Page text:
Research: Successful CFO’s empower FP&A teams to be more strategic
The survey found that the rapidly changing landscape has forced change at the C-suite in FP&A. To be successful and keep up with the rate of change, they need their FP&A teams to step out of the data collection and validation and play a larger more strategic, customer facing role.
This is the conclusion of the recent FP&A Empowerment Survey (Nov 2017). I’m honored to have been part of this watershed in-depth research project conducted by some of the current thought leaders in FP&A. The team included Ernie Humphrey and Larysa Melnychuk. The survey gained insight into why FP&A teams are struggling to make a real business impact. The solution requires reassignment and a refocus to strategic vs. being overloaded with data and outdated tools.
Fact Confirmed: FP&A teams are not optimized as they are spending too much time on low-value activities.
Fact Confirmed: FP&A as a function is underinvested in technology and repetitive processes are not automated.
Discovery: The value of FP&A is not fully understood by many Top Executives making the investment in solutions difficult.
We had an overwhelming response to our survey and had a total of 311 respondents with a good mix across geographical, company size and position segments. What was interesting is that these discoveries hold true across all of these dimensions
1. FP&A Teams Aspire to spend more time on strategic activities
On average FP&A professional spend 21% of their time on high-value activities. We defined high-value activities as: Business partnering; strategic support; customer-facing activities and driving actions. For me this is in line with what I expected – the number one frustration of FP&A professions is by the time they’ve pulled the data together, there is never enough time to provide insight. What was a surprise is how far away we are from where we think we should be: the answer back is we should be spending 48% (Fig 1) of our time on high-value activities. In other words, we need to be spending more than double the amount of time on high-value activities and in the case of more senior roles, this was almost triple the amount of time.
FP&A in my mind should be seen as a consulting function – a function that should be helping the business with data driven decision making. So what is the solution to reducing low-value activities and freeing up the time to be more strategic?
2. The need for Technology investment
Seventy-nine percent (79%) of companies report an upgrade in FP&A technology would empower FP&A to deliver better results.
From my experience this does not come as a surprise – The solution is very simple: free up time by replacing repetitive tasks of data collection and validation (which together account for 51.5% of analytics time) by technology that can automate all of this. In practice this is never that simple - business and data in finance is a little bit more complicated. Before investing blindly in technology, you will also need to look at the problem more holistically – what is the problem that needs to be solved and what are the impacts on People, Process and Technology. This is why investment in FP&A costs so much – there needs to be a lot of upfront work in not only bringing in the right technology solutions, but also investment in time to improve the process and manage the change. This is why you often hear of ERP implementations failing, the promise is they will halve your workload, but by the end you find its doubled.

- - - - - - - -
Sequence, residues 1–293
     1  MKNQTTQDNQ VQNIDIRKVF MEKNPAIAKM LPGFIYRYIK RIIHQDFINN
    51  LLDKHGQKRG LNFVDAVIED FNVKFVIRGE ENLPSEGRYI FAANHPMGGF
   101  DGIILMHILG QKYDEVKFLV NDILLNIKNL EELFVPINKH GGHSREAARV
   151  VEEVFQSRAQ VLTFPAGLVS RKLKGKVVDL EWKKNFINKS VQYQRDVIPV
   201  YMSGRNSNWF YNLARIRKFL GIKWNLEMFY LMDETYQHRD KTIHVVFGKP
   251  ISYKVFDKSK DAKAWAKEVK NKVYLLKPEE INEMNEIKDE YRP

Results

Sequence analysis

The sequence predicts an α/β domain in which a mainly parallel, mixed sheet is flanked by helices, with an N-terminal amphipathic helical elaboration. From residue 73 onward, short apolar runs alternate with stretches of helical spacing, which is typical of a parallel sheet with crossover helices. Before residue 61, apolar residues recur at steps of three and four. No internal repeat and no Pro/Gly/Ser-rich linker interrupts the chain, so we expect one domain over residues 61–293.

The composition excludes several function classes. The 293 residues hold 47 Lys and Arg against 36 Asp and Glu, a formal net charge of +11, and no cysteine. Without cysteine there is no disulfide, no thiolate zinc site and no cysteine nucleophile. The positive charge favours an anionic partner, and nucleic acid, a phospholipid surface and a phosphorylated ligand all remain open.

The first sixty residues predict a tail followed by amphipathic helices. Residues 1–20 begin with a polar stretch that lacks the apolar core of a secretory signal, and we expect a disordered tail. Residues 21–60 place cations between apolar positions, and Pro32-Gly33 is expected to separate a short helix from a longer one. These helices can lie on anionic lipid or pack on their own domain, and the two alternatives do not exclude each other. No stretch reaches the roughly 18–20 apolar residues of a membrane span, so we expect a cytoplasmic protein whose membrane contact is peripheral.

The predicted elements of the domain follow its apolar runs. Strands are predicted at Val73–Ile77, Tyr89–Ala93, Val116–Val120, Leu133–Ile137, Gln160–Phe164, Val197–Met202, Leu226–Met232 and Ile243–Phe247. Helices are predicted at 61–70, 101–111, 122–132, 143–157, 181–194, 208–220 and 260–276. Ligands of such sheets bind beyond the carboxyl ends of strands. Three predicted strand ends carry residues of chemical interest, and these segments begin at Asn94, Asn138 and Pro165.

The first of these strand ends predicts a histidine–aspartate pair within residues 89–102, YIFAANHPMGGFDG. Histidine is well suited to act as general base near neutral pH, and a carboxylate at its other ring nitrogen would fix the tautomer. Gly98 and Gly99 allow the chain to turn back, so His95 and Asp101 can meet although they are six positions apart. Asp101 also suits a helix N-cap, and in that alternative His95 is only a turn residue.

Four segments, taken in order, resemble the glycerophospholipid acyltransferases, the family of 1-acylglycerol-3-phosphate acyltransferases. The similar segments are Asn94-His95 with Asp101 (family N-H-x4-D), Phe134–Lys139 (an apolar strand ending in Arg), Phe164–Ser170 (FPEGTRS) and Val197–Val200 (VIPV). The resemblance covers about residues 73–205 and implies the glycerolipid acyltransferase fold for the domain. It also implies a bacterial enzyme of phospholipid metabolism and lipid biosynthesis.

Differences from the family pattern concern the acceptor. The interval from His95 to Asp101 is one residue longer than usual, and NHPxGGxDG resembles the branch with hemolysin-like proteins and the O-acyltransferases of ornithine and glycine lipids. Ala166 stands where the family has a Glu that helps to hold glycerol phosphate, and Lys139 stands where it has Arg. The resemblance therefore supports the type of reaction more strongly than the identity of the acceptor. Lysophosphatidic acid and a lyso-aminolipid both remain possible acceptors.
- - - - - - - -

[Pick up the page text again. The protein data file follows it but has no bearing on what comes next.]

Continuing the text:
So investment in FP&A is expensive, so how do we get the support we need to make these investments?
Fig 2. Driving transformation required investment in Technology, Process and People
3. The value of FP&A is not clearly perceived or understood by top executives
The value of FP&A is not clearly perceived or understood by top executives
A staggering twenty-seven percent (27%) of respondents conveyed that their companies do not view FP&A as an area of strategic investment. Even more surprising was fifty-six percent (56%) of respondents conveyed that their companies don’t think that FP&A has an impact to the bottom line
So to frame the problem: To free up time for FP&A to be more Strategic, we need investment in Technology, People and Processes, but if the perception of FP&A is low then investment will be difficult to come by.
When asked what is the biggest barrier to investment thirty-eight percent (38%) of companies reported it was difficult to justify the ROI of investing in FP&A against shorter-term investments in sales or marketing.
To be successful, the C-suite needs to commit to reform, investment and respect for FP&A. The information age is forcing the office of the CFO into a more data driven, strategic role away from the back-office accounting role of the past. For CFO’s to be successful, they need their FP&A teams to step out of the data collection and validation and play a larger more strategic, customer facing role. To enable this transition there needs to be the investment in tools and solution, but more importantly there CFO’s and FP&A teams as a whole need to be able to sell the value they are generating!